CONNECT research highlights – November 2019

Here are some recent high-impact publications from CONNECT researchers…

Title: A Stochastic Model for UAV Networks Positioned Above Demand Hotspots in Urban Environments
Authors:
Boris Galkin, Jacek Kibiłda, and Luiz A. DaSilva
Journal: IEEE Transactions on Vehicular Technology

What’s this paper about?
Drones are becoming increasingly common in everyday life, and mobile network operators are taking an interest in using these flying machines to provide mobile phone service in areas where the typical mobile phone tower is insufficient.

Drones have many advantages: they can position themselves intelligently above areas of high mobile traffic demand, they can fly high above buildings to avoid radio signal blockage, and they can adjust their positions as the mobile traffic demand changes.

To unlock their full potential we need mathematical models which describe the quality of mobile phone service which can be delivered by these drones for given network conditions and drone configurations.

What have you discovered?
This work, for the first time, characterises the achievable mobile service quality in terms of parameters such as the drone height above ground, and the density of drones per unit area.

It demonstrates that there are certain heights that drones should fly to provide the best phone service for users on the ground, and that these heights will be affected by the surrounding environment.

It also demonstrates how, in some cases, network performance can be improved by having the drones arrange themselves in a rectangular lattice above the network user locations.

So what?
This work is facilitating the integration of drones into commercial applications such as mobile network service delivery. Drones are an incredibly flexible technological platform due to their ability to rapidly move in 3D space.

By studying and describing the quality of service that can be achieved by these devices we lay the foundation for designing intelligent drone networks, where drones use artificial intelligence techniques such as machine learning to make decisions on how to deliver the best possible service to the end user.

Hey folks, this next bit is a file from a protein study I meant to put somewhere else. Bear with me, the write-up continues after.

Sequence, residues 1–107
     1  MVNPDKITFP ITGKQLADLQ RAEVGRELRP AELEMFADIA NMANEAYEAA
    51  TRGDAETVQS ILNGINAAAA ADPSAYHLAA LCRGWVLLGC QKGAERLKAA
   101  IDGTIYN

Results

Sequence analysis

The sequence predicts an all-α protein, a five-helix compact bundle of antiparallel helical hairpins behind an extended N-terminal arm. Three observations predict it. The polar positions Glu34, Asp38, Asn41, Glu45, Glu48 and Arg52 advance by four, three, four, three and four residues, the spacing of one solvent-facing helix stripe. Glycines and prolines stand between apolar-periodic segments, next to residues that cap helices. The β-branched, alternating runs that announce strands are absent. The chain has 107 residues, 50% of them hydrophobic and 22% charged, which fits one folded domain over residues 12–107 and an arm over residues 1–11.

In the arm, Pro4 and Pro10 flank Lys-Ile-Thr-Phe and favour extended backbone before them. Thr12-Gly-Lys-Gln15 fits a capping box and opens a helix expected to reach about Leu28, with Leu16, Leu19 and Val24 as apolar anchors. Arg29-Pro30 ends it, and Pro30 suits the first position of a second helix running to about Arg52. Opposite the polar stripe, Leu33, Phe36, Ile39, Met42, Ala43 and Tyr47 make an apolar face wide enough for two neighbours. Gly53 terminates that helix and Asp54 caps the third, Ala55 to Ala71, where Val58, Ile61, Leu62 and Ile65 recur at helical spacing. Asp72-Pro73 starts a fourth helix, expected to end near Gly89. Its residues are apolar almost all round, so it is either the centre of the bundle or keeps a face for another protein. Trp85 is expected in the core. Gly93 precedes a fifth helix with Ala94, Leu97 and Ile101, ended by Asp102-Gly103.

Read the full paper here (pdf).

 

Title: User-Antenna Selection for Physical-Layer Network Coding based on Euclidean Distance
Authors: Vaibhav Kumar, Barry Cardiff and Mark F. Flanagan
Journal: IEEE Transactions on Communications

What’s this paper about?
Traditionally, interference in a wireless communication system has been considered to be a bad thing, and it is usually avoided where possible. The basic idea behind physical-layer network coding is to use clever signal processing to make interference into an advantage (interfering signals contain information, after all). In this paper, we investigate how to use this basic idea also in systems which employ multiple antennas at the transmitters and receivers, since the use of multiple antennas is known to give very large advantages in terms of overall data rates and/or reliability.

What have you discovered?
In this paper we have demonstrated how physical-layer network coding can be applied in the situation where multiple antennas are used at the transmitter and receiver. In addition, we showed (using a rigorous mathematical analysis) that our proposed method is optimal in the sense that it achieves the best overall reliability of communication. We also showed that the previously accepted state-of-the-art solution in this field was significantly far from optimal in this regard.

So what?
This means that future networks can allow individual devices to transmit at the same time and frequency (allowing them to interfere with each other), while still ensuring reliable reception of the interfering signals. This methodology has the potential to double the overall data rates achieved in the network, as compared to a system which does not allow interference.

Read the full paper here (pdf).

 

Title: MEMS-Based Vibrational Energy Harvesting and Conversion Employing Micro-/Nano-Magnetics
Authors: Saibal Roy, Dhiman Mallick, and Kankana Paul
Journal:
IEEE Transactions on Magnetics

What’s this paper about?
This is the first comprehensive review of MEMS-scale electromagnetic vibration energy harvesters (EMVEH), and their use as a replacement for batteries in Wireless Sensor Nodes (WSN).

It explores progress in this field and outlines the major obstacles to their implementation. It also proposes a roadmap for the realization of highly integrated energy harvesting units using Micro-/Nano-magnetics.